Segregated housing, which historically limited economic mobility for many Black Detroiters, paints a bleak picture in the 20th and 21st centuries alike. Throughout the mid and late 1900s, housing segregation was enforced at a systematic level by discriminatory real estate sales and bank lending practices that were perpetuated by both the federal and state governments. Black people were denied federally-backed mortgages and were forced into separate neighborhoods because the Federal Housing Administration believed in homogenous areas categorized by race and social class.
Sugrue writes that “Detroit’s Black population doubled between 1940 and 1950…accounting for more than two-thirds of the city’s population growth,” but that of the 545,000 housing units available in Detroit in 1947, only 47,000 were available to Black people.
“As late as 1951, only 1.5 percent of new developments in the metro Detroit area were available to Black citizens,” he writes.
Because of housing segregation, Black Detroiters found themselves increasingly stuck in the city’s center, where opportunities for housing and jobs were less available than in the surrounding suburbs and rural areas. According to Sugrue, “Blacks were confined to the poorest-paying, most insecure jobs, they had less disposable income than their white counterparts, and could not afford the city’s better housing […] The result was that blacks were trapped in the city’s worst housing, in strictly segregated sections of the city.” In the 1960s, when factory plants moved out of the city center, Black Detroiters found themselves stuck in the city with even fewer economic opportunities than before.
Fast forward half a century, and segregated housing remains an apparent and detrimental issue in Detroit. Twice the number of white Detroiters live in middle-class neighborhoods than Black Detroiters, and, in Metro Detroit, more than three times the number of white residents do than Black residents. According to the study, “Within the city, the average value of homes owned by white residents is $46,000 more than homes owned by African American residents and $39,000 higher than Hispanic residents. This is a reversal of trends in the previous decade, in which the value of African-American-owned homes exceeded that of those owned by white people.”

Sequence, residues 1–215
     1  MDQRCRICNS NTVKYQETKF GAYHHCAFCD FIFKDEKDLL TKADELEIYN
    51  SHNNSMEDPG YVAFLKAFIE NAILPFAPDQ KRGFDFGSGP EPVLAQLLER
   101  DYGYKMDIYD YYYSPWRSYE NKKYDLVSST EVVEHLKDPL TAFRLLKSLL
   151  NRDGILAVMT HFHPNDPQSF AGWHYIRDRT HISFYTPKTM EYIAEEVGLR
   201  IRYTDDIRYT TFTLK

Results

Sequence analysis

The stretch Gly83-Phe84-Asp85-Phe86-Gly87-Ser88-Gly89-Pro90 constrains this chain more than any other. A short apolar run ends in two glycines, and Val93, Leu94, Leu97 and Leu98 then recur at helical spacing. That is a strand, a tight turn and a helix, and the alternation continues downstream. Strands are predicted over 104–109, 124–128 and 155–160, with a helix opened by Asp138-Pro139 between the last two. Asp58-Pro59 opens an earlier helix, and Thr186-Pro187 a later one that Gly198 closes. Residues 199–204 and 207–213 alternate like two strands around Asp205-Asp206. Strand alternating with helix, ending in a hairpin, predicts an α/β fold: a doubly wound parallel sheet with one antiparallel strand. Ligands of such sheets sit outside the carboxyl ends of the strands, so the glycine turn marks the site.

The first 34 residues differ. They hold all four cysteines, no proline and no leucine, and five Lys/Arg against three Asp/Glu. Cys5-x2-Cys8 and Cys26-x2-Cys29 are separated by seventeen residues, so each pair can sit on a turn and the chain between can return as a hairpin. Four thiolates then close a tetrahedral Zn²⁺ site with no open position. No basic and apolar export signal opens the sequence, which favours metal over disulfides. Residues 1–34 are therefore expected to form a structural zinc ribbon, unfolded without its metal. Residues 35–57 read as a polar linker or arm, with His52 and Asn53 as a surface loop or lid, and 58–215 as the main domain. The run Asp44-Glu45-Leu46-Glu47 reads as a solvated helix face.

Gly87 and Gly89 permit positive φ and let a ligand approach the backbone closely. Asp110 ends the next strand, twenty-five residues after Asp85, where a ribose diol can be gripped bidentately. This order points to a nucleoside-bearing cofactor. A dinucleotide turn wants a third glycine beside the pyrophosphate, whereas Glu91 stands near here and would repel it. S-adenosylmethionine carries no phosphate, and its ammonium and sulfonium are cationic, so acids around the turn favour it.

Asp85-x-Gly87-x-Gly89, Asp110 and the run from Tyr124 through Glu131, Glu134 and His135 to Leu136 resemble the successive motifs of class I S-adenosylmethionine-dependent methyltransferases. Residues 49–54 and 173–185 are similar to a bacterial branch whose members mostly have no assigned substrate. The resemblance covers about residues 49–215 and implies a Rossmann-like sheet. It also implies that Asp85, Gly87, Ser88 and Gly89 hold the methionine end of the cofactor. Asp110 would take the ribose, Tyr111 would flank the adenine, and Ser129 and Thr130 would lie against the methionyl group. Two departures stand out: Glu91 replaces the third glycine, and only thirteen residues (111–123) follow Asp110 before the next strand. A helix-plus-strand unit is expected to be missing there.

Some Detroiters are fighting back. For example, three residents of Detroit’s Islandview neighborhood are in the process of suing their former landlord for discriminating against prospective Black tenants, claiming their landlord refused to rent homes to Black people and ignored requests for home repairs for current tenants.
Furthermore, the boundary of the city of Detroit and the metro Detroit area remains one of the most starkly segregated delineations in the nation; Detroit is 78% Black and 15% white while metro Detroit is 22% Black and 66% white.
And that line not only continues to delineate geography, race and housing, but also poverty rates. In 2019, Detroit was the second most impoverished city in the nation, with nearly a third of its residents living below the poverty line, trailing just behind Cleveland. The median income in Detroit is 50% of that of the region as a whole, and a mere 5% of people living in Detroit live in a middle-class neighborhood while 59% do in the region as a whole.
The real downturn in Detroit’s manufacturing and automotive industry came with the expansion of decentralization. Detroit suffered four major recessions from 1949 through 1960, which greatly affected the sensitive automotive industry; to put it simply, as the economy worsened, people were less likely to buy cars. According to Sugrue, “In the 1950s, auto manufacturers and suppliers permanently reduced their Detroit-area work forces, closed plants, and relocated to other parts of the country.” From there, employment opportunities steadily got worse for Detroit’s working class. Though the population was increasing, Detroit lost 134,000 manufacturing jobs between 1947 and 1963.
“The process of deindustrialization—the closing, downsizing and relocation of plants and sometimes whole industries—accelerated throughout the twentieth century,” Sugrue writes. “Detroit, Chicago, New York, Pittsburgh, Philadelphia, Baltimore, Trenton, Boston, Buffalo, and St. Louis all lost hundreds of thousands of manufacturing jobs beginning in the 1950s, as firms reduced employment in center-city plants, replaced workers with new automated technology, and constructed new facilities in suburban and semi rural areas, in medium-sized cities, often in less industrialized states or regions, and even in other countries.”
Resulting unemployment hit the city center the hardest, and thus impacted already impoverished or underprivileged populations.
Unsurprisingly, the effects had a particularly disproportionate effect on the city’s Black residents, who saw higher rates of unemployment throughout the mid 1900s: “…plant relocations, especially to rural areas and the South, severely limited the economic opportunities of Detroit’s [Black population]. Detroit’s waning industrial economy had less and less to offer them,” Sugrue writes.